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Friday, January 14, 2011

Mom of Steel

This will look suspiciously like a post from another blog.  Sorry about that, but it belongs here, as you'll see.

I really don't have enough time to do this one justice.  One of the real conundrums you face as a parent is figuring out exactly how you'll approach, for lack of a better term, "pushing" your kids.  In school.  In sports.  In life.  You know the parents that push to extremity, seemingly having lost their grip on reality all sense of balance.  The ones that seem bent on living vicariously through their kid.  Or on world domination.  There's that.

Oh, you ain't seen nothin' yet.

In this little gem of an article, East meets West, and brother, IT IS ON!  The anecdotes are cringe-inducing.  And note the (immense and acrimonious) comments section.  Bon appetit!


I'll say that I very much like how Ms. Chua just viciously crushes modern American squishy parenting norms.  Even before becoming a parent myself, I always had a deep and abiding respect for just how resilient kids (and people in general) are.  We truly have no idea just how tough, capable and resourceful we all are.  Now that I actually have a sprog to watch, I'm absolutely convinced of it.

But Chua's parenting philosophy (and her methods) are tough as nails.  Nails.  Three inch, hot-dipped, galvanized nails.

UPDATE:  The West Is On Line 2... And It's Maaaaaad!

WSJ:  In Defense of the Guilty, Ambivalent, Preoccupied Western Mom

WSJ:  Mother Inferior 

WSJ Scene Asia:  Chinese Mothers React

WSJ:  The Tiger Mother Talks Back

In related news, Ms. Chua's publisher had to be sedated after being sighted running half naked towards a local Ferrari dealership with open bottles of Dom Perignon under each arm.

UPDATE 2:  National Review?  Oh My!

NRO: The Tiger Mother and Us 

4 comments:

Anonymous said...

Yes, it did seem like she retracted a bit on some of her explanations.

Donna said...

There's just so much to talk about here it can't be done in a comment, BUT I was interested in Tigermom's idea of "excellence is its own reward" and you won't enjoy things like playing instruments until you get past the hard part and into the place where you can do it. How many people do I know that wished their parents had pushed them more. If I've heard my hubby complain that he wished he wasn't allowed to quit the basketball and football teams out of laziness once, I've heard it a million times. BUT obviously, we westerners feel that our children's gifts, apptitudes and interests matter in their course in life- and I'm not sure Tigermom cares at all about that.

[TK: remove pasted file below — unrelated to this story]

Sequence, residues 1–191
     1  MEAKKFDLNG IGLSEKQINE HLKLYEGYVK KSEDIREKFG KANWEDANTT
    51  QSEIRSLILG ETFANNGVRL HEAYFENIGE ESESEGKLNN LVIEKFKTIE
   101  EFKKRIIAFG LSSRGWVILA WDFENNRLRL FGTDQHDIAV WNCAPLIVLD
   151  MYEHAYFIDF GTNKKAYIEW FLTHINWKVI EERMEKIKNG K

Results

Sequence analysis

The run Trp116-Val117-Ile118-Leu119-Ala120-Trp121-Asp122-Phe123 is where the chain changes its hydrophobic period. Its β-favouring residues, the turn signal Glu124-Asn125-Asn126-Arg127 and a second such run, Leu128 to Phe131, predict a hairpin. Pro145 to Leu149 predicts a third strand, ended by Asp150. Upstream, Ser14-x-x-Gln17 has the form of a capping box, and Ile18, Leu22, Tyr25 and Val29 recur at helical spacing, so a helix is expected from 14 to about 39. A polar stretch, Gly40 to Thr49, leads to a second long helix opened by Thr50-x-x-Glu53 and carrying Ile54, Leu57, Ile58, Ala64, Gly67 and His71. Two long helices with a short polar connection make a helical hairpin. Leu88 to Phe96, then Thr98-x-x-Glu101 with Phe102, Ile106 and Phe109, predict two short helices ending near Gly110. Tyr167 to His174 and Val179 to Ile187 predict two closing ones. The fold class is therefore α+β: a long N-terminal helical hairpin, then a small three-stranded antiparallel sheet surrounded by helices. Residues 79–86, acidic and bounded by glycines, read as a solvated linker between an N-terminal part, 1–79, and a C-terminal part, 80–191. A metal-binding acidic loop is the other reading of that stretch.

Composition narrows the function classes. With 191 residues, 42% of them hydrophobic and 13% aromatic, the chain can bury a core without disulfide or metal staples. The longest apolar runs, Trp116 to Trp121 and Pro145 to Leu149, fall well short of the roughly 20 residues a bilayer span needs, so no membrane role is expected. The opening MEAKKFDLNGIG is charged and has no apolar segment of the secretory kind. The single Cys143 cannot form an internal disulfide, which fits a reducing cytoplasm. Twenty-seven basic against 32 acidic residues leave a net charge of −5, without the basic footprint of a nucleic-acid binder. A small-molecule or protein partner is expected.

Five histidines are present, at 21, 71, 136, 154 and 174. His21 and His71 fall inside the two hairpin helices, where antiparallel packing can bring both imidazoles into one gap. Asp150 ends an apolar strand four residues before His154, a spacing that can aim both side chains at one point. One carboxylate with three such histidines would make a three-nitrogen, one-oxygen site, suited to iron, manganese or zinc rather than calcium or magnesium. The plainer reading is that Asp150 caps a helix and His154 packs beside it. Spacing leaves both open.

El Comodoro said...

I know. I've got a similar story about baseball. I quit, and still regret it. But in their (and maybe now, my) defense, we all fret over becoming some kind of monstrous dictator to our kids. And so we all err on the side of caution.

I think I've heard as many stories about kids that did actually get pushed into being/staying in sports... and to this day resent it.

I guess I would have liked to be reasoned to. Would it have made me stay on the team? No idea.

Agree that 'excellence is its own reward' is compelling. That's just not too darn popular in the culture at large. If something's hard, we generally skip it and expend as much energy in rationalizing and defending our decision as we would have in doing said hard thing!

BB said...

....and then, it doesn't have to be all or nothing. There are more options than being a tiger-Mom or a hands-off Mom.
One of the guys who has written a book about his "Tiger Mom" titled it, "Only White People Say I Love You". Leaving love, ecouragement and affection out of any child-rearing equation and you're dealing with a world of hurt. Long-term AND short-term.
It is MORE than obvious by the results of the children BeBe and BB raised that those wise women knew the balance;) Lawd, did that crazy woman just say that? Yes she did! And any imperfection at all in our birth children (not that there are any) has been more than made up in our COMPLETELY perfect grandchildren.
Now, wish I had a tiny body in my lap to snuggle. Right after piano lessons :)